Ain't there an ethical obligation to consider the kids who wind up in the jaws of nature's most opportunistic predator? The people who have to drag them in, watch them turn grey while they wait for the chopper to arrive?
The grey bodies under the sheet on a beach are stacking up and when it’s a fifteen-year-old kid it’s even more upsetting.
I was talking to an attack survivor in a Ballina kitchen this morning and the kid’s Dad was his wedding singer. It’s a small, connected world and the trauma of someone getting ripped apart in the surf ripples through it quickly.
Is there a tipping point where something gets done about it?
Or do we accept a world of increasing White sharks, more surfers getting whacked, more bleed outs, more epic battles between surfers and sharks who didn’t read the modern-day script that it was all just a case of mistaken identity and once they realised the boo boo they’d just swim off red faced.
This one came back and wanted more of the kid.
Like the one on Rob Pedretti and others.
Yet academics like Chris Neff still make tenure writing papers that say the problem is not the shark attacks but the public perception of sharks that lingers after the movie Jaws in 1976.
A more paradisical place to breath your last breath can’t be imagined.
Little half point cloaked with pandanus palms with wedgey lefts. Miles of unattended beach leading to a rivermouth. Paperbark swamps behind the dunes where brolgas dance in the spring time. The dirt road to the break winds past a lake of sweet fresh water – the town water supply – where, if you’re discreet, you can slip in for a quick skinny dip to wash the salt off post surf.
It’s an area saved from crowds by distance from the highway and mostly B-grade spots that hipsters, eurokooks and paid freesurfers eschew.
There’s a growing disconnect here between science and reality…and I come from the side of science.
Spent three years at Queensland’s premier sandstone institution in front of the lions of the marine biology game. The White shark remains a cypher, both in its abundance and even the basic biology.
Two-and-a-half metres is the size estimate of the one that mauled Mani Hart-Deville.
About the size of the one that swooped me last year. How old is that animal? Estimates vary.
The established science states Whites are slow growing and long lived but a Japanese study found much faster growth rates and age to maturity. They age an eight-footer as young as two years old and age to reproductive maturity as young as seven for gals, half the time quoted in other studies.
Which would make the currently established numbers in the east Australasian population – a range between 2909 to 12,802 – about as meaningful as the racing guide on a fish-and-chips wrapper.
Not to disparage shark scientists but their form is patchy.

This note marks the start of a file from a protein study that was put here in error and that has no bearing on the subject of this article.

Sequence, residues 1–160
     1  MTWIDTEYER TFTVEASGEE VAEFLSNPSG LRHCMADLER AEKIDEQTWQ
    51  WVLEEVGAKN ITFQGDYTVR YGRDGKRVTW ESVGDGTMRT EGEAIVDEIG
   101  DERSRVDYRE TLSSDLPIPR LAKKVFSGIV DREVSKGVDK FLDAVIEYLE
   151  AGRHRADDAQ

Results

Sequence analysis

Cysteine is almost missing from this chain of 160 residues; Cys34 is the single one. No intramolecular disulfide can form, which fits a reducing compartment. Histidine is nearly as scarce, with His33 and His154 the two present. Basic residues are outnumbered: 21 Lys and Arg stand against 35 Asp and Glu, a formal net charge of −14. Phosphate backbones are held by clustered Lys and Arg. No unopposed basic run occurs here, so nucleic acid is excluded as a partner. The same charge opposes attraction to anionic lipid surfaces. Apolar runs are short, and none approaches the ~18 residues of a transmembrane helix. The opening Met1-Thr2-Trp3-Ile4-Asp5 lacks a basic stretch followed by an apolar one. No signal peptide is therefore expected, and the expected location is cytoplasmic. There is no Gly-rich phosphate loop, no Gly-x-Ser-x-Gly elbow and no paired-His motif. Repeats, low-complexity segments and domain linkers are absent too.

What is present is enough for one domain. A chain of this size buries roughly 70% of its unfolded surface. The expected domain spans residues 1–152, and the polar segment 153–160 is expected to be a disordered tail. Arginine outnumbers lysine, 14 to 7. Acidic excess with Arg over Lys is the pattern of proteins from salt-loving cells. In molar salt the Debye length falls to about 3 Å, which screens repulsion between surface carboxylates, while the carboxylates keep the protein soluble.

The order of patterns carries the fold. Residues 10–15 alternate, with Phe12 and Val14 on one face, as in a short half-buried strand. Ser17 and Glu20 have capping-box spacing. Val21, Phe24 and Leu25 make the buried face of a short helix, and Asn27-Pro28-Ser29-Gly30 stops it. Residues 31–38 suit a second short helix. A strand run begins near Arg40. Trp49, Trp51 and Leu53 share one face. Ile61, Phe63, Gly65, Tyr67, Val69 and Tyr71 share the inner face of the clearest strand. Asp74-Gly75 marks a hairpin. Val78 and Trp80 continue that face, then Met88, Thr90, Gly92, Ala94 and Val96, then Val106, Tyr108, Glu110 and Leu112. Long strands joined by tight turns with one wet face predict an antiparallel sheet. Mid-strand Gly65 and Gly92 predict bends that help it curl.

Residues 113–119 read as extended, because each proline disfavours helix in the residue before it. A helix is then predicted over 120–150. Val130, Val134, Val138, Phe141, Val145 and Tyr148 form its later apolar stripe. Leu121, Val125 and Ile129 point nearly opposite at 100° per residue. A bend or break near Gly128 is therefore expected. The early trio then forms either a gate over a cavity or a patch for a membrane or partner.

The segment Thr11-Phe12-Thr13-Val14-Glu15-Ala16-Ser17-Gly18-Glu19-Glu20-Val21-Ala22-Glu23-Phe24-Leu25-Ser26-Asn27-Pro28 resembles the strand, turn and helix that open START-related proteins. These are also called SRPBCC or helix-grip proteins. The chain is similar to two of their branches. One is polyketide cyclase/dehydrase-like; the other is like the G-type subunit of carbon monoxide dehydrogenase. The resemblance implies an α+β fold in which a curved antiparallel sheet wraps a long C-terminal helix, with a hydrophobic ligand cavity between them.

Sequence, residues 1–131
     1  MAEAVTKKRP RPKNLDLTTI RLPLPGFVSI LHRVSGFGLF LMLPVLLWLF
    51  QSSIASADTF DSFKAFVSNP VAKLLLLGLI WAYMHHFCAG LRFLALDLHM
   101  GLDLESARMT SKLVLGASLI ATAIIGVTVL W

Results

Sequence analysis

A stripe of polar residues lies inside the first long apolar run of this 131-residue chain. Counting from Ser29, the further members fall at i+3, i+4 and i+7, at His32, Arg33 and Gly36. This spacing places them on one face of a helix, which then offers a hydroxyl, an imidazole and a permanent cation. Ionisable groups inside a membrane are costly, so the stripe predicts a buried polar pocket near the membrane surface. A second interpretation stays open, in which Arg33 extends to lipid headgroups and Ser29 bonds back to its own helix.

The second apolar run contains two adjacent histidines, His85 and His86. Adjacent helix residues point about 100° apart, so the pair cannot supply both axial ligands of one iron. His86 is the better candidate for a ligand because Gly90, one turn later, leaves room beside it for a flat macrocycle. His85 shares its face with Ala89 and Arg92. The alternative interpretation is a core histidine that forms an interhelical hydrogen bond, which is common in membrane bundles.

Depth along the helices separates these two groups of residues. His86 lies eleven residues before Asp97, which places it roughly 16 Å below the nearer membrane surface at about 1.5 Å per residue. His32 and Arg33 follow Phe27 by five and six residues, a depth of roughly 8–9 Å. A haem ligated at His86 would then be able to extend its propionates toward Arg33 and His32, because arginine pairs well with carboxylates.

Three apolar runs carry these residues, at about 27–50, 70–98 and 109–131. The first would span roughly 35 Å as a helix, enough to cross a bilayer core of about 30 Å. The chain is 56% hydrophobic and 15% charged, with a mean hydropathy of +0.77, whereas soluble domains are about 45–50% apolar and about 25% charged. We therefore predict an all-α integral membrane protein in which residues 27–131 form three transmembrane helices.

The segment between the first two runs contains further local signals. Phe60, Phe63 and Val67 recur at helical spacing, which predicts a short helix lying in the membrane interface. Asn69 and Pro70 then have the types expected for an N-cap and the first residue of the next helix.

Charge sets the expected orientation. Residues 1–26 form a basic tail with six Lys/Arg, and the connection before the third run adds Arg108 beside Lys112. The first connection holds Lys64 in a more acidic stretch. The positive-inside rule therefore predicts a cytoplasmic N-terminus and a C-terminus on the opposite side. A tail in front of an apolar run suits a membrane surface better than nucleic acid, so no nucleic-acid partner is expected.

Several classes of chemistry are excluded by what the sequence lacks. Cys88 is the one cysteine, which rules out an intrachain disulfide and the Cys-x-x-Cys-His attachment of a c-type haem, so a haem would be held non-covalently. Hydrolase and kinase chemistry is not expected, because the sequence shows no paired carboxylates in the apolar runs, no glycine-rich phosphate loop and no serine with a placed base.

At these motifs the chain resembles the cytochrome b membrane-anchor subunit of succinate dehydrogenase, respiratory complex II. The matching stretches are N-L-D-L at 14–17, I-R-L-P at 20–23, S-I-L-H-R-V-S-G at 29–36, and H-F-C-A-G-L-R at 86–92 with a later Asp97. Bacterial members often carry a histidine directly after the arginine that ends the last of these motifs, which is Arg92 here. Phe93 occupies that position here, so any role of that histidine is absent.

I stood in a hall nursing a brown sanga* with 200 of my fellow brethren and sistren on Sunday August 9, 2015 in the midst of the first shark crisis.
Tadashi was in heaven, Craig Ison looked like a slab of raw meat attacked with a cleaver, Matt Lee only survived by a miracle, Jabez Reitman was torn up.
People wanted something done.
Infamously, lead shark scientist Dr Vic Pedemoors, a fine South African stud, came on the radio on the eve of a tagging program instigated by the pressure from that meeting and said local surfers were a bunch of pussies ( I paraphrase, but that is the gist) and that he expected very few sharks to be located and caught.
The fuel guage barely moved in the shark boat such was the fine fishing for White sharks found right outside the rivermouth.
Two were tagged with the opening hour.
Many more, of course, followed.
Science does not have a good handle on the White shark population of eastern Australia. Growth rates, time to maturity, fecundity, transition from juvenile to adult survival rates, seasonal aggregations have all likely got bigger than expected error margins.
That’s before we get to the question of why they bite us.
Meanwhile, by accident and on purpose, an almost ideal world for the White shark has been created. Protected in Australia since ’99, but likely, according to the supplementary material on the CSIRO population study, to have faced decreasing threats from humans since the late 80’s, bolstered as adults by increases in whale and seal numbers.
Boosted as juveniles and sub-adults by decreases in commercial fishing in NSW and the establishment of marine parks along the Australian coastline.
We’ve created a world tailormade for our old pal the White shark.
But if you create such a world, and the White Shark Recovery Plan makes clear such a world is a desirable and wondrous thing then ain’t there a slight ethical obligation to consider the kiddies and old sea dogs who wind up in the jaws of nature’s most long lived apex, opportunistic predator?
The people who have to drag them in, watch them turn grey while they wait for the chopper to arrive?
The Mums, Dads, school mates, drinking pals, girlfriends and boyfriends etc etc etc?
Is there an end state where we can say, OK, too many, let’s go fishing?
I almost daren’t say it, but it feels like we could be close.
* A dry argument horrifies me only slightly less than getting hit by a white.